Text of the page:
Thursday Throw Down Linky: Interactive Assessments
Updated: Aug 29, 2018
Who says the teacher has to do all the assessments? Why not get your students involved? You could have your students keep track of their own progress. I used to teach computers to my students once a week in addition to their regular computer class and I made this fun little chart for them to keep track of how many words per minute they could type. We set goals ahead of time and tracked our progress and then reflected on our results at the end of the year! My students really enjoyed keeping track of their own progress. I also made some posters to go with it on goal setting.
I also adapted this chart to use for reading fluency where students keep track of
how many words per minute they can read.
One of my favorite interactive assessments is a group evaluation chart and poster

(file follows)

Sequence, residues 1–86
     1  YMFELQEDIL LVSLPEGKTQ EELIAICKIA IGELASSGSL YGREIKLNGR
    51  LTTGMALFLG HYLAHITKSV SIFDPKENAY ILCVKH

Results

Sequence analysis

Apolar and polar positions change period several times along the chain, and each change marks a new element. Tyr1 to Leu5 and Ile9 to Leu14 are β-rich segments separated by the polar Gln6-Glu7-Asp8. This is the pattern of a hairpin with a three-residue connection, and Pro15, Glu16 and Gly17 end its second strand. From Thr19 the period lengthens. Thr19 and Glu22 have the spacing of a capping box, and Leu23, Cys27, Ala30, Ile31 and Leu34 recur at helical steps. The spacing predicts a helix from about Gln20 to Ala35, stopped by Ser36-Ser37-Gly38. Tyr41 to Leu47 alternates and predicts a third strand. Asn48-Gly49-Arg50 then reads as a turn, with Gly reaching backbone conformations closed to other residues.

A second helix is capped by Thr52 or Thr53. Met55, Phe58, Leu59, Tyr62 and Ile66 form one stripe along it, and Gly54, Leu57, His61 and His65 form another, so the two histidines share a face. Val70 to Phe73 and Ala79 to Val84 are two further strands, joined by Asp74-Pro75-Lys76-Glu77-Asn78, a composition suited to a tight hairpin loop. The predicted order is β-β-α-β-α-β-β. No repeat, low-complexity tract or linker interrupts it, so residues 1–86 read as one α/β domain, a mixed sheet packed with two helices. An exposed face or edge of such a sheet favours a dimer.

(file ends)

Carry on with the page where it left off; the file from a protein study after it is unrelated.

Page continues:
set I created for some younger group of learners.
Team work is an important skill to teach and practice. After we learned what it meant to work together (or collaborate) and how to effectively work together (by doing our jobs, listening to each other, taking turns, speaking softly and encouraging one another), we would do a group project and then students would evaluate how well their group did. This simple chart was a great way for students to reflect on what things they did well and what areas could still use some improvement. I liked using this chart for younger learners because they were evaluating their group as a whole and not as individuals making up the group. This made it a true team effort instead of pointing fingers at one person
in the group for not pulling their weight.
At the beginning of each school year I had my students take learning style assessments and record their unique learning style on a learner profile. This was a fun way for students to see how they learn best. You can find lots of learning style inventories
on-line (click here for a few examples).
These are just a few examples of how to help students take ownership of their learning through interactive assessments that I used. Do you have other examples that you have found success with? If you have a blog be sure to link up with Lovin Lit's Thursday Throw Down and share your ideas. If you don't have a blog leave your ideas in the comments below.
Join my free resource library! Click here!